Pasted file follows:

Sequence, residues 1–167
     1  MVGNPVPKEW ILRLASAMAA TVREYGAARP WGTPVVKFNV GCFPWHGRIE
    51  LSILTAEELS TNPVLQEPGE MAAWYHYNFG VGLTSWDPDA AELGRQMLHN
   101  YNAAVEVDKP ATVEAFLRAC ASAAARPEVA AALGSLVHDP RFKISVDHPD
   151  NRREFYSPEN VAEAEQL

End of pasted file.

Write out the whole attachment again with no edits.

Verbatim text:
Sequence, residues 1–167
     1  MVGNPVPKEW ILRLASAMAA TVREYGAARP WGTPVVKFNV GCFPWHGRIE
    51  LSILTAEELS TNPVLQEPGE MAAWYHYNFG VGLTSWDPDA AELGRQMLHN
   101  YNAAVEVDKP ATVEAFLRAC ASAAARPEVA AALGSLVHDP RFKISVDHPD
   151  NRREFYSPEN VAEAEQL